DHSS Director: First COVID-19 vaccinations in Missouri next week
51 thousand Pfizer vaccines coming to state next week.
COVID-19 vaccines could be coming to Missouri as early as next week.
On Thursday night, an FDA advisory panel gave the Pfizer COVID-19 vaccine the green light, paving the way for the FDA to give the vaccine Emergency Use Authorization.
On Friday, Missouri Department of Health and Senior Services Director Dr. Randall Williams briefed reporters on what will happen once the vaccine receives that approval.
“In one action, we will be able to vaccinate almost two-thirds, if not more, of our long term care facility population,” says Dr. Williams.
Williams explains that once the Pfizer vaccine is approved, shipments to the state will start within 24 hours.
The first shipment will be 51 thousand doses of the Pfizer vaccine, which will be sent to 20 pre-position sites — healthcare facilities with the capacity to store the vaccine, which will require sub-zero temperatures. Those will be used in the state’s largest hospitals so they can start vaccinating healthcare workers as early as December 17th.
“The large hospitals that really have gotten the brunt of the referrals. [We’re] just incredibly sensitive that we needed to help them as much as we could,” explains Williams. “Because at the end of the day no matter where you live in Missouri, they will end up helping you if it comes to that.”
Williams explains that it’s also expected that 105 thousand doses of the Moderna vaccine will be in the state the week of December 20th.
70 thousand of those doses will be administered by CVS and Walgreens within the state’s long-term care facilities. Williams expects they will be able to vaccinate a majority of the residents and staff within long-term care facilities with that shipment. It’s important to note that the Moderna vaccine does not require specialty storage, and that both the Moderna and Pfizer vaccines requires two doses for full inoculation.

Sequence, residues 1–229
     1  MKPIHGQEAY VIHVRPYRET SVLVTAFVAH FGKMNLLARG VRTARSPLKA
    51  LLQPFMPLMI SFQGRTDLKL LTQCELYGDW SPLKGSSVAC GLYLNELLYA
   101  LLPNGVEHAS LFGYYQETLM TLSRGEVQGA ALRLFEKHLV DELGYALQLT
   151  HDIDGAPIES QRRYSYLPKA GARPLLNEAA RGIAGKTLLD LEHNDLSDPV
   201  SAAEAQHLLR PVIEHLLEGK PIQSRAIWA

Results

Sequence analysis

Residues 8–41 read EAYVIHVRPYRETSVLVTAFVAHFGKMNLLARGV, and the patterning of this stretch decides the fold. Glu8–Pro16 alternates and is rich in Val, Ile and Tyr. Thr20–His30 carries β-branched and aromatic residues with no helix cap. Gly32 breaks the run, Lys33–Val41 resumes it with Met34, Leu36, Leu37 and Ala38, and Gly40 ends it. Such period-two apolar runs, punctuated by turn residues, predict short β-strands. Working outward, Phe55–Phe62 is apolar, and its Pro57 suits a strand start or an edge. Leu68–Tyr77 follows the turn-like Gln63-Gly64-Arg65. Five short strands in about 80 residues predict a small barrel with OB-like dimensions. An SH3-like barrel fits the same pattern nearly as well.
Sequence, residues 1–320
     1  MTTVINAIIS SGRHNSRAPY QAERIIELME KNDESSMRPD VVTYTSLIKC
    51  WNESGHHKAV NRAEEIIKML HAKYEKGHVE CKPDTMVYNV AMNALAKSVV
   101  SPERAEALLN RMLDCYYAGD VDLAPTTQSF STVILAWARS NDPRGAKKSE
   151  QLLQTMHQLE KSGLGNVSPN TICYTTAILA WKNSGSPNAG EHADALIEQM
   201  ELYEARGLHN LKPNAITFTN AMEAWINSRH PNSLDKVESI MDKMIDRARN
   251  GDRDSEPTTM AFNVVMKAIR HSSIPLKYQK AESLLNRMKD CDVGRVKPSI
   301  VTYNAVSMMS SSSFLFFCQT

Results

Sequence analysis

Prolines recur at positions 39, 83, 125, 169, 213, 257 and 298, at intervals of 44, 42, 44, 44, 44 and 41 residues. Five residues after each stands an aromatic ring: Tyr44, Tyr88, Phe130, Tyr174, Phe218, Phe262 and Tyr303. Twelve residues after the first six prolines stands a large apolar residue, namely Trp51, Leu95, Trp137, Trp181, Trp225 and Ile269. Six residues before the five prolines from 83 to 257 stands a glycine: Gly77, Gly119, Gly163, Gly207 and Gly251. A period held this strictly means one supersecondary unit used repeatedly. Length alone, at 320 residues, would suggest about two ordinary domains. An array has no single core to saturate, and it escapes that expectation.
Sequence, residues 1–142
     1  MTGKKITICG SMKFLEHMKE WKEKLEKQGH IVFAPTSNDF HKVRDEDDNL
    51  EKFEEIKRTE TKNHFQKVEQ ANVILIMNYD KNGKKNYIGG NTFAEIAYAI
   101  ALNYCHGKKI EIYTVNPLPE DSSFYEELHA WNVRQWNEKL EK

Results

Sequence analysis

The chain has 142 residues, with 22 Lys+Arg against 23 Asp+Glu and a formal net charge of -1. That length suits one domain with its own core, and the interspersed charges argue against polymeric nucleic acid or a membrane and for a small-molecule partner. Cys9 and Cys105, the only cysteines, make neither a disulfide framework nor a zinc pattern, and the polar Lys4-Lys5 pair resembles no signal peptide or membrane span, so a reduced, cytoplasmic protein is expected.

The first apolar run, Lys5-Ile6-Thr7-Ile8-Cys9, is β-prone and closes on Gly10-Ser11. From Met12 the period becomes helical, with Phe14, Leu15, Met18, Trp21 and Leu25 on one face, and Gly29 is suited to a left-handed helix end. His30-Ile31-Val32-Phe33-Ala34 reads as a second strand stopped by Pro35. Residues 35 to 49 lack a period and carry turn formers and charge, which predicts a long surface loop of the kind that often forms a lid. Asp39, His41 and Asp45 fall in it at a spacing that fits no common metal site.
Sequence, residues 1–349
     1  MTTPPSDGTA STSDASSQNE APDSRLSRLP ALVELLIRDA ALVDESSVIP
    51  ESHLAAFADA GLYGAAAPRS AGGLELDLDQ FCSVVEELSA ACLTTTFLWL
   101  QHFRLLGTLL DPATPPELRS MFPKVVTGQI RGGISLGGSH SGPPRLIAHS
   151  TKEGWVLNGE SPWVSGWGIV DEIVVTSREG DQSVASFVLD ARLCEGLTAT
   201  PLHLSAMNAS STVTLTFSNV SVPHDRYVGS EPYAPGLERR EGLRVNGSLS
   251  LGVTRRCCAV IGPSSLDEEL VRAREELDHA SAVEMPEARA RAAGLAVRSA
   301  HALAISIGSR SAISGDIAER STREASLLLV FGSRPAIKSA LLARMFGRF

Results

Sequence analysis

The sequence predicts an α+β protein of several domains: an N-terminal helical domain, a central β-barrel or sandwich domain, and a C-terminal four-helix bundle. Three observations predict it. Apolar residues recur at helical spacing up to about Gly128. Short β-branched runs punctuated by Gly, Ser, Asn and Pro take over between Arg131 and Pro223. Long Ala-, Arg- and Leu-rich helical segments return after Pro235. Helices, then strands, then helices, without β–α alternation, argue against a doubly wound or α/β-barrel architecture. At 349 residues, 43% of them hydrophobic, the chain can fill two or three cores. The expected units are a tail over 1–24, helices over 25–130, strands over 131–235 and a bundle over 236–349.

“While people in long-term care facilities make up four percent of the cases, they make up 43 percent of the mortality. To be able to minimize the morbidity and mortality would be tremendous for our hospitals,” says Williams.
Another piece of big news came when Dr. Williams spoke about his recent meeting at the White House. He says that General Perna with Operation Warp Speed has made a commitment to send 2 million vaccines to the state by the end of February 2021.
“In one year, I think the previous record was four years, to produce a vaccine with a new platform, make.. be in the process of making hundreds of millions of vaccines available, is just a remarkable achievement,” says Williams.
Once the state moves into the second part of distribution, when vaccines will be available for essential workers, Dr. Williams explains that distribution will become much broader. They will be available at pharmacies, hospitals, health departments, and other places. He also explains that the distribution will work on an honor system — meaning that all residents would have to do is explain that they are an essential worker to be eligible for a vaccine.
Access to the general population, Dr. Williams explains, should come in April 2021.
All of this is conditional on both of the vaccines receiving Emergency Use Authorization from the FDA. Something that Dr. Williams thinks should happen for the Pfizer vaccine by early next week at the latest.
Officials in Kansas and Oklahoma are also making and adjusting their vaccine distribution plans.
You can find a general breakdown of their plans here: https://www.koamnewsnow.com/mo-kan-and-okla-draft-plans-to-roll-out-covid-19-vaccine-to-residents/